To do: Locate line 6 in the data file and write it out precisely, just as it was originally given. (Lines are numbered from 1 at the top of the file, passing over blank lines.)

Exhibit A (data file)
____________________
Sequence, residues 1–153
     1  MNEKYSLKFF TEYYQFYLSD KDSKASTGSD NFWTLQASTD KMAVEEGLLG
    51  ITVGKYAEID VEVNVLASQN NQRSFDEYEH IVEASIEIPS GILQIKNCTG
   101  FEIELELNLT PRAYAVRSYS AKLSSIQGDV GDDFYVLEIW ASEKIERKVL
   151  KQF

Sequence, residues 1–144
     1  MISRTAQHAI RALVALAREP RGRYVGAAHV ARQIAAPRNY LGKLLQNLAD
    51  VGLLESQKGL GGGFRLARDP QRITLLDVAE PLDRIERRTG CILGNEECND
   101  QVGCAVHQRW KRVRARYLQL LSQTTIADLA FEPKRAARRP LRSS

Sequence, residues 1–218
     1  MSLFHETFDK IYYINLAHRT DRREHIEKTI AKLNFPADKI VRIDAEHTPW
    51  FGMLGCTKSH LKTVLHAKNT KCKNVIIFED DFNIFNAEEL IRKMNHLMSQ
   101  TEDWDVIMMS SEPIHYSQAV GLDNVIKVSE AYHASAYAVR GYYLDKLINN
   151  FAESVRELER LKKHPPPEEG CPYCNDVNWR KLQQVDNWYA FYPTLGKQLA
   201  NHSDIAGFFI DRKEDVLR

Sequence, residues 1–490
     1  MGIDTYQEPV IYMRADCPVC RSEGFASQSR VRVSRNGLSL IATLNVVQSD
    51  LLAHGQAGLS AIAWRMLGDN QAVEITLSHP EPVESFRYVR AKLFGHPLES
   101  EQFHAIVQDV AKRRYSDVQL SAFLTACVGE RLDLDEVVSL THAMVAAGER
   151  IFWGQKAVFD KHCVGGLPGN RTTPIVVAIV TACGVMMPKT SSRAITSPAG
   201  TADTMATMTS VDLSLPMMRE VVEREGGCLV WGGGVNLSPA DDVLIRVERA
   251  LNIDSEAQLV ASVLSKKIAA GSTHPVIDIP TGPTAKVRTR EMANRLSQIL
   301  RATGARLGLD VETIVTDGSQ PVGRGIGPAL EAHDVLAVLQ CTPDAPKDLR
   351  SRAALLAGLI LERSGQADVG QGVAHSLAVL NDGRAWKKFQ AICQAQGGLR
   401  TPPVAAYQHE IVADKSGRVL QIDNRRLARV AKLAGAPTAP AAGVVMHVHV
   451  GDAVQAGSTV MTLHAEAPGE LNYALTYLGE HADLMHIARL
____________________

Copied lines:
Sequence, residues 1–144